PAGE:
HECUA faculty

Faculty Profile: Adriana Corti

We love highlighting the stories of students here on the HECUA blog, but occasionally we’d also like to introduce you to members of our hardworking staff and faculty. We started out our staff profile series with New Zealand Program Co-Director Charles Dawson, and now we’ve got the second staffer in our series: Adriana Corti, Program Assistant and Field Trip Coordinator for our HECUA Ecuador study abroad programs. Read on for more about Adriana, and if there’s anything you’d like to see included in these profiles in the future, feel free to make requests! Just email lohmans@hecua.org.

What’s your favorite part of the HECUA semester?
Adriana says one of her favorite parts of the semester is the midpoint, when the group dynamic gels and students start to settle in. “When everything works well, the group dynamic is so good, like a little family,” she says. “They care for each other, they go around together.” Another highlight Adriana identifies is when students start to shine in their internship placements. In particular she noted that it’s inspiring when students feel that they can be really self-directed. “For example, in 2006 we had a student [Claire Stoscheck] who had set her mind to working with a biking organization. Initially the organization said, we don’t have the capacity, we don’t have the space, we don’t even have a computer! But this student was so determined. She said, ‘If you give me a table, that’s all I need.’ She really went above and beyond. She raised money independently, and she created a program that connected the group that she worked with and another, similar organization across town.”

Students from CILA preparing for their bike tour of Quito.

What’s been a challenge?
“There’s not anything I would describe as really negative,” Adriana says. Sometimes there are setbacks, things that are challenging, but primarily those challenges stem from interpersonal relationships. “It’s difficult when students don’t get along with one another, when there is limited group cohesion, but that’s really only happened a handful of times.”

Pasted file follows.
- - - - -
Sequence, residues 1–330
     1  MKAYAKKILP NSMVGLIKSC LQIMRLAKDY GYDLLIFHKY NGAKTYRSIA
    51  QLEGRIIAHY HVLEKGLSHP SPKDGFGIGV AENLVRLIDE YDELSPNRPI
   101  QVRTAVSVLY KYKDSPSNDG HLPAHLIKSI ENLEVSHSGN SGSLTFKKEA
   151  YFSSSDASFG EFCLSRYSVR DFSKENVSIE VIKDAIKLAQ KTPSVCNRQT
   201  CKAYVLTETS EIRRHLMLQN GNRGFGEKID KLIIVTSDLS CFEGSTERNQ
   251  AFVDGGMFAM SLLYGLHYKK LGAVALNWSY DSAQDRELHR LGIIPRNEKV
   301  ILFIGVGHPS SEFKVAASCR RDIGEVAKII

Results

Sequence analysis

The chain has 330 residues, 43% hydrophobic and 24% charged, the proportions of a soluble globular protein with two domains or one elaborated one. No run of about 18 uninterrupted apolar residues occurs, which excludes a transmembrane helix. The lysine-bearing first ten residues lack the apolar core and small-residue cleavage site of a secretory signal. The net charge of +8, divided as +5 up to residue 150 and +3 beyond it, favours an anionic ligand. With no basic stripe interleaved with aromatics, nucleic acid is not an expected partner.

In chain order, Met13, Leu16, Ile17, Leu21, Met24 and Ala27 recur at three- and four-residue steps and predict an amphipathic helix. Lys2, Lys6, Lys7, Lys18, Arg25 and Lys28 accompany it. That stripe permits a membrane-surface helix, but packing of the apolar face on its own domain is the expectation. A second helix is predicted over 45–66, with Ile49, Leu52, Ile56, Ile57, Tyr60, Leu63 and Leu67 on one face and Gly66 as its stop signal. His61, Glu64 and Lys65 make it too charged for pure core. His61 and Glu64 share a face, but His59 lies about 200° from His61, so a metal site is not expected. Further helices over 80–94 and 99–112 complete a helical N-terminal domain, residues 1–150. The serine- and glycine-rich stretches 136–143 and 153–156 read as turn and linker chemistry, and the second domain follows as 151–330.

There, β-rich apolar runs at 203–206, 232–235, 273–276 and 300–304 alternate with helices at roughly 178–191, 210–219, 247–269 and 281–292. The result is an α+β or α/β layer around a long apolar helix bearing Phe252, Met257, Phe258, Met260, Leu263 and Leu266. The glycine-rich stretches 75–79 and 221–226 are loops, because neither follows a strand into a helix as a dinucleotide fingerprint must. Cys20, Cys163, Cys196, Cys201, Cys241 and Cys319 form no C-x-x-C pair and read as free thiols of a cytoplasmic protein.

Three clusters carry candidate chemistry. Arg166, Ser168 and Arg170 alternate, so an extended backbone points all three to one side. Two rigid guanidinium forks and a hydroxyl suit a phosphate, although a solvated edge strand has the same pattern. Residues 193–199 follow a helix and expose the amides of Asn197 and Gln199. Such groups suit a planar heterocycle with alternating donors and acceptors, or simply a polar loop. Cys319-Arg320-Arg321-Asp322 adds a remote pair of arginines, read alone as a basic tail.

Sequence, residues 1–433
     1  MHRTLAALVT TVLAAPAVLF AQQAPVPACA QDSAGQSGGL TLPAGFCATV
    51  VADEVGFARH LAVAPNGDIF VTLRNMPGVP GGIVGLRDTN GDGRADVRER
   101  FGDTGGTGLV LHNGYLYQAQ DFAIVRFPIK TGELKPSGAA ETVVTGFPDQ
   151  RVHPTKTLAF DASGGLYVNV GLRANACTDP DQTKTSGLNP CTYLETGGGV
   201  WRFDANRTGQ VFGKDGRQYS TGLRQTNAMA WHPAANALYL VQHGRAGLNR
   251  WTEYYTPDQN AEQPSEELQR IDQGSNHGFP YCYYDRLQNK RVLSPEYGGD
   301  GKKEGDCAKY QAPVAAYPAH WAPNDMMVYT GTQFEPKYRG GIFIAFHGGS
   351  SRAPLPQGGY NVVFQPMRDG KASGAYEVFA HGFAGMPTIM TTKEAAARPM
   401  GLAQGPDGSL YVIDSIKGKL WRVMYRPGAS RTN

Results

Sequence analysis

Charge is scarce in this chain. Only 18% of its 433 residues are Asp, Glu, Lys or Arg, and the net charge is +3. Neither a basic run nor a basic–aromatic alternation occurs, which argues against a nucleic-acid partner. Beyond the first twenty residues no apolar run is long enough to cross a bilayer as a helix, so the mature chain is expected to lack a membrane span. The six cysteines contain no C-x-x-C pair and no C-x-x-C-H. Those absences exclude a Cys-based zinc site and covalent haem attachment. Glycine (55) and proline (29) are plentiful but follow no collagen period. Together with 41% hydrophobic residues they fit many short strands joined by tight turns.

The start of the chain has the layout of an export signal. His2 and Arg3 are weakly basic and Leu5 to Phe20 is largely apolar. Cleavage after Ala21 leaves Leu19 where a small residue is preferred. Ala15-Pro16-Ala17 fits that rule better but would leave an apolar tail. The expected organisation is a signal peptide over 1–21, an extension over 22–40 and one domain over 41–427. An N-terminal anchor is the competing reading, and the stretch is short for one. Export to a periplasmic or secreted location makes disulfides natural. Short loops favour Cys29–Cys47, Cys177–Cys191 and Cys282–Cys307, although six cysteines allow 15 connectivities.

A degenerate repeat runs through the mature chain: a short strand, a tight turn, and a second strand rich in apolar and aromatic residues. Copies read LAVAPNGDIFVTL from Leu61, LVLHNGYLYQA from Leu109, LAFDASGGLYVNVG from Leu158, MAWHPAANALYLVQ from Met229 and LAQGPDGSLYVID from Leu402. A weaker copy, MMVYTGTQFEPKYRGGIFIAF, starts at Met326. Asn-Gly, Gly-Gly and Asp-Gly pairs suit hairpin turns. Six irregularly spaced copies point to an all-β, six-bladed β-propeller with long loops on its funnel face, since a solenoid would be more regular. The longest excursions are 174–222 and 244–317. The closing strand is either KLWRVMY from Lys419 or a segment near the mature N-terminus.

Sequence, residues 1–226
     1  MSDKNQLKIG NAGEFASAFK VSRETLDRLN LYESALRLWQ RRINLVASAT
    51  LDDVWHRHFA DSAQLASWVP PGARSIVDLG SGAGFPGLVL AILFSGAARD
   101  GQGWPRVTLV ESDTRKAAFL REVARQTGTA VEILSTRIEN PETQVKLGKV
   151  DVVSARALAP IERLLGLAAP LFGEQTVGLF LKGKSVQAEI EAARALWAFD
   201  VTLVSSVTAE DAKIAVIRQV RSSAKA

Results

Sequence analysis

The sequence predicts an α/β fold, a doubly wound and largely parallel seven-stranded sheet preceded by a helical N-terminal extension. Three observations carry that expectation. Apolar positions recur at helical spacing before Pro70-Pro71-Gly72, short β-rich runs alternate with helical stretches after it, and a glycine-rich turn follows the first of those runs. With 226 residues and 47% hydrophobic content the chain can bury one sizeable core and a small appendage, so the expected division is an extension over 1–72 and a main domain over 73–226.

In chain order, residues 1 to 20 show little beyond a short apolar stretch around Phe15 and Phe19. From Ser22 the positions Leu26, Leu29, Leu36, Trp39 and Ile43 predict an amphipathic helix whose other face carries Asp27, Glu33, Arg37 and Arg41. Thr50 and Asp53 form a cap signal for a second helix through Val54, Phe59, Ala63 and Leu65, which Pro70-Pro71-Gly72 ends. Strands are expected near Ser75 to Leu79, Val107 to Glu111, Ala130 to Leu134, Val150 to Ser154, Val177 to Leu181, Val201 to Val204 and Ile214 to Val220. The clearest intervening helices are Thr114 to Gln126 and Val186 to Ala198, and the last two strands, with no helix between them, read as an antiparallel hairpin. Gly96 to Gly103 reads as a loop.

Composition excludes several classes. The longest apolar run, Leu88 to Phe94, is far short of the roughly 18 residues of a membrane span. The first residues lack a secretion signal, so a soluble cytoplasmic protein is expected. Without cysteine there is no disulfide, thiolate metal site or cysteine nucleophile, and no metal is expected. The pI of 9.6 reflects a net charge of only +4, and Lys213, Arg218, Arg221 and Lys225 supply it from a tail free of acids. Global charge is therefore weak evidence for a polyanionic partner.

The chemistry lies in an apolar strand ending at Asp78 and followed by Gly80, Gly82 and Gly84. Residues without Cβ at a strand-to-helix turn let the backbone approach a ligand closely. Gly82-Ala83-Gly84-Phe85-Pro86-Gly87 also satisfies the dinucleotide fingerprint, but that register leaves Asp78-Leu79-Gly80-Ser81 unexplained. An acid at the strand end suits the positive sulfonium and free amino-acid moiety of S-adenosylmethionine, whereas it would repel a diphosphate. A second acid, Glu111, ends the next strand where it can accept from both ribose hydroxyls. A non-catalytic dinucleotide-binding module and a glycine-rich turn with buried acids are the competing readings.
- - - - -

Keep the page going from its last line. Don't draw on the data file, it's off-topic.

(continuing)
How would you describe your teaching philosophy? 
Adriana spends most of her time with students supervising, organizing, and debriefing their field trips. She was quick to point out that she is not the primary lecturer in the course, but it’s clear that her own experiences with hands-on learning abroad have influenced her approach to structuring the field experiences in Ecuador. Adriana and Program Director Martha Moscoso change the field experiences in small ways each year, making sure that the students are prepared for the progressive Spanish language immersion of each stage, and that the readings, speakers and reflection flow naturally into each excursion. This process reflects their commitment to making sure students are connecting what’s happening in the classroom to what’s happening on their field visits.

Adriana Corti (left) and Martha Moscoso (right) accompanying students on one of the Ecuador abroad field visits.

Tell us a little bit more about yourself.

“I was born and raised in Quito, so this city (where the program is based) is home to me. My siblings live close by, and we are all in the same neighborhood, more or less.” Adriana received her Bachelor’s Degree in Linguistics and Literature from the Catholic University of Quito, and with a minor in International Relations and Business.

Don’t let her hometown pride fool you: Adriana is no stranger to study abroad experiences from the participant side. Her first foray outside of Ecuador came as a high school student, when she studied abroad in Denmark. “I was an exchange student for a year,” she says, “and that had a huge effect on me. What you learn from an experience like that you never forget. My time in Denmark was amazing. I learned Danish, for one! I am still in contact with my host family there, in fact.”

Adriana has been the Program Assistant and Field Trip Coordinator for HECUA’s Ecuador programs since 2001. When she’s not organizing and facilitating amazing field experiences for HECUA students, she spends time doting on her two dogs and digging around in her backyard garden.

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